Numbers charting retail sales in Hong Kong reveal the greatest fall since records began – 44% down year-on-year in February – while anecdotal evidence points to a growing luxury second-hand market.

The February figure comes on top of a 21.5% plunge in January, and a 19.4% fall in December, Inside Retail Asia reports, and follows the lockdown of Mainland China as it battled to cope with the COVID-19 pandemic, and as Hong Kong restricted travel into its territory from all parts of the world.

A Hong Kong government spokesperson confirmed the spending fall was mainly due to the lack of tourism and collapse in consumer spending in all sectors. Government data provisionally estimated Hong Kong retail sales in February as US$2.9 billion.

Sales of jewellery and luxury goods were down almost 59% in January and February combined, while there was also a 9.3% fall in the sale of food, alcohol and tobacco during the same period.

Meanwhile, the FT reports that Hong Kong’s recession – caused not only by the COVID-19 crisis but also the lengthy anti-government protests that preceded it – is driving consumers to unload expensive items such as designer bags and luxury watches in order to raise ready cash for life’s essentials.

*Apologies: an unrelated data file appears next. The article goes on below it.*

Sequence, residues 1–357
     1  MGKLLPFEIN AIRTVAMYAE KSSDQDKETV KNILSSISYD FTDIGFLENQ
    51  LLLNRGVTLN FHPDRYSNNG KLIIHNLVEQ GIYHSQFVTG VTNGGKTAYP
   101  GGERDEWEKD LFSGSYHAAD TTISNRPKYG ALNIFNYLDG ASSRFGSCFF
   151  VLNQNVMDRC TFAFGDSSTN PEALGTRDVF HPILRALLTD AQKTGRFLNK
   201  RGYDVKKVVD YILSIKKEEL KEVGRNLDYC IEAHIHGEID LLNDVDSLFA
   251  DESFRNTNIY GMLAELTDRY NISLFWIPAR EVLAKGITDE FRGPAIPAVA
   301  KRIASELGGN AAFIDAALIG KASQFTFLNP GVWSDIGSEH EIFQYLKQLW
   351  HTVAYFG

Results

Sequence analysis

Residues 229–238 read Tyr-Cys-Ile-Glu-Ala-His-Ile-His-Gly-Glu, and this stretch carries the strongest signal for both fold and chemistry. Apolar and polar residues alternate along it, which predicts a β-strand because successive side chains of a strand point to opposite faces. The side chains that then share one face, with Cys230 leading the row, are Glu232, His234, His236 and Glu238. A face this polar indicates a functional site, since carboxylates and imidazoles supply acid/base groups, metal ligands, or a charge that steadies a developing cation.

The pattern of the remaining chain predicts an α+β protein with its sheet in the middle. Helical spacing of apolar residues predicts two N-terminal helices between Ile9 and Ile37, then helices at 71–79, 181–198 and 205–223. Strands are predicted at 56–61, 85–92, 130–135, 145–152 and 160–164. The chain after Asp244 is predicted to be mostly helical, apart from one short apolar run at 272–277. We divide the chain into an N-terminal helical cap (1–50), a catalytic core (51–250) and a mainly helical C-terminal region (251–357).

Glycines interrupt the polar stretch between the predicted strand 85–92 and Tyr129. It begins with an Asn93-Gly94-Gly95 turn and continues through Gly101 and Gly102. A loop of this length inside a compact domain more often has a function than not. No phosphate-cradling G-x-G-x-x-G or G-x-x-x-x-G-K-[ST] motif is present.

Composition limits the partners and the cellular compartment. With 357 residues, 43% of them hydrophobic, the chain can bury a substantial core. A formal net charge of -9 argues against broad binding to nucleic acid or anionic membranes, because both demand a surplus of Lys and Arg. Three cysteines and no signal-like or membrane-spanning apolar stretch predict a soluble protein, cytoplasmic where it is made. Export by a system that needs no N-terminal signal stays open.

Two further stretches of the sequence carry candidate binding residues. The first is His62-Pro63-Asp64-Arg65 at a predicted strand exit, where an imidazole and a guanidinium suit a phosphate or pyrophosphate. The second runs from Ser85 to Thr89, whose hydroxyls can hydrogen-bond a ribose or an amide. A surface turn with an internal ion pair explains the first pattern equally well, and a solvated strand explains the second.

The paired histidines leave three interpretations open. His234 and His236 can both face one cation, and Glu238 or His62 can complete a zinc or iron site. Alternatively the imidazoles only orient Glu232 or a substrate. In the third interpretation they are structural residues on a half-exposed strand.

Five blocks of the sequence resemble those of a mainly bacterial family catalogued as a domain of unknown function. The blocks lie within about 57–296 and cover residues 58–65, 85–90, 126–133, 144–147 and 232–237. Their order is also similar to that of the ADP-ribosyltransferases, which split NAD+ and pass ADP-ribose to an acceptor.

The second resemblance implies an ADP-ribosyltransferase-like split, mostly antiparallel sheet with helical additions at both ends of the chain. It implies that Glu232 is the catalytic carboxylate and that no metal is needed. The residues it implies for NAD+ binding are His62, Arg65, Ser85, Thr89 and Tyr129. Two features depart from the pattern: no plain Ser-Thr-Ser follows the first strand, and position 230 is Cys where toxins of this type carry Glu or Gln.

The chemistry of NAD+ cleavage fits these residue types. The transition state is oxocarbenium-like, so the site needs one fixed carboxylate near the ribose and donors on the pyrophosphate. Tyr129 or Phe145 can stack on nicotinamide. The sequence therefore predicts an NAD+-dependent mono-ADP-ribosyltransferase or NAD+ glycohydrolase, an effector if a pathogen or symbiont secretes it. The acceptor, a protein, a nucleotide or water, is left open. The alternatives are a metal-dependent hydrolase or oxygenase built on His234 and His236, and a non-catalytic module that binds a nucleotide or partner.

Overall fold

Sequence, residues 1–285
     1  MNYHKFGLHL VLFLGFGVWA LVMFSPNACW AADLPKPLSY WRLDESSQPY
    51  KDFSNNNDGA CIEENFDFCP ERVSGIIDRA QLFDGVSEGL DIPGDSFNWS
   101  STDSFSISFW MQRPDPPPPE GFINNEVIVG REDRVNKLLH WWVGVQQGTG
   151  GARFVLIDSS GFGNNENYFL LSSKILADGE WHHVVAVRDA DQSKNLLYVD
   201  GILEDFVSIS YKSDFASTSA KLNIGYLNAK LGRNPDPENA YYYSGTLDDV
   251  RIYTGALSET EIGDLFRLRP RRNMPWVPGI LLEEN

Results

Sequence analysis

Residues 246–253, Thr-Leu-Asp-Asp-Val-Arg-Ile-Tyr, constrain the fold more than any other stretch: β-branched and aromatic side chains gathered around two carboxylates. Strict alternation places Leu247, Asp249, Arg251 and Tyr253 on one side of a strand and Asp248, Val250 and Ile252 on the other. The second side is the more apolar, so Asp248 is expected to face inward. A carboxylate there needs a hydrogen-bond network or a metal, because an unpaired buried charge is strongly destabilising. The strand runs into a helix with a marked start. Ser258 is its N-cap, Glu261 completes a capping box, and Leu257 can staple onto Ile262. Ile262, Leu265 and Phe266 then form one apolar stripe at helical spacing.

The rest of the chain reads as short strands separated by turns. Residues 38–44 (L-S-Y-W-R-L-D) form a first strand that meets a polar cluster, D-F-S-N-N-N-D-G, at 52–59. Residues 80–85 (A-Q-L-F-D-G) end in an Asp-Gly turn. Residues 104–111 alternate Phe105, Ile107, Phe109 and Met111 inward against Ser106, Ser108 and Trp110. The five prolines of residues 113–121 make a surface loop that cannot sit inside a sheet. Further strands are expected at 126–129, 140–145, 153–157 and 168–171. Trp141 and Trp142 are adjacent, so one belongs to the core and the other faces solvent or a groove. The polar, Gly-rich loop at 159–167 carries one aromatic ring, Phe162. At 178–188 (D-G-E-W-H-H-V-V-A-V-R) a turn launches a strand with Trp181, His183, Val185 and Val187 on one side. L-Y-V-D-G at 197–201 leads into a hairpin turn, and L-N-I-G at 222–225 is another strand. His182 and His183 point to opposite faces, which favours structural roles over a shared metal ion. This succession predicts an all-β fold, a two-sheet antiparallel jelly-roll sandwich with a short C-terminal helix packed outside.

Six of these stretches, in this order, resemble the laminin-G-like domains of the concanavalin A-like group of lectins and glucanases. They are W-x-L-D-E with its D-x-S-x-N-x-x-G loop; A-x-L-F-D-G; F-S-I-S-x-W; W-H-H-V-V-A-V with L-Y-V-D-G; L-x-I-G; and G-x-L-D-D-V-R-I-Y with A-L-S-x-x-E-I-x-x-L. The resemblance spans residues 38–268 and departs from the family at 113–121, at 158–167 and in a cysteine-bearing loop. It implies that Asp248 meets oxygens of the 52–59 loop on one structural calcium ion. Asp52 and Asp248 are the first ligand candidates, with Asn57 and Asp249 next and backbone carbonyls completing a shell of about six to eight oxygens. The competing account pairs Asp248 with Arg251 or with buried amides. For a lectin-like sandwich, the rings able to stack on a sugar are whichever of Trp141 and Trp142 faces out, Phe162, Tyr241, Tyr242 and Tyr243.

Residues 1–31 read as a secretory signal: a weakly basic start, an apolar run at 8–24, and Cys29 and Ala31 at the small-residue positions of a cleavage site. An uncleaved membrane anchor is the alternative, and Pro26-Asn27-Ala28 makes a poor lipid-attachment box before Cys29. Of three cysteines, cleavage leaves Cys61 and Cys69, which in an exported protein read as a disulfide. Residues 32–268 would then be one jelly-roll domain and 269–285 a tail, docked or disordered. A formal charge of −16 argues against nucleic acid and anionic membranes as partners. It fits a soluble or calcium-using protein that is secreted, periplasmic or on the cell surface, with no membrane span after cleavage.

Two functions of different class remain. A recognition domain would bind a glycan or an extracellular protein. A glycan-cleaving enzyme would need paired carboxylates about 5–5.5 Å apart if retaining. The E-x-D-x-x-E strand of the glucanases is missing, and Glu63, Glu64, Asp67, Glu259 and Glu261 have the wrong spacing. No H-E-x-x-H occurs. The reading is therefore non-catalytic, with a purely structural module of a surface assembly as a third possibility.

Sales of new luxury goods may be down, but sales of second-hand items are picking up, the publication says.

WP Diamonds, which specialises in pre-owned diamonds, witnessed a 70% pick-up in inquiries about selling diamonds, jewellery and high-end watches on its Hong Kong website during the first two months of 2020. Poignantly, and as a mark of desperation, the number of people asking about selling engagement rings has doubled over the same period.

Similarly, Milan Station Holdings, which sells second-hand luxury bags in Hong Kong, has seen a 30% rise in the number of bags sold to its shops over the past two months.

There is also a rush to buy gold in the territory, always popular as a defensive investment when stock markets are in free fall.

Soourced from Inside Retail Asia, Finanical TImes; additional content by WARC staff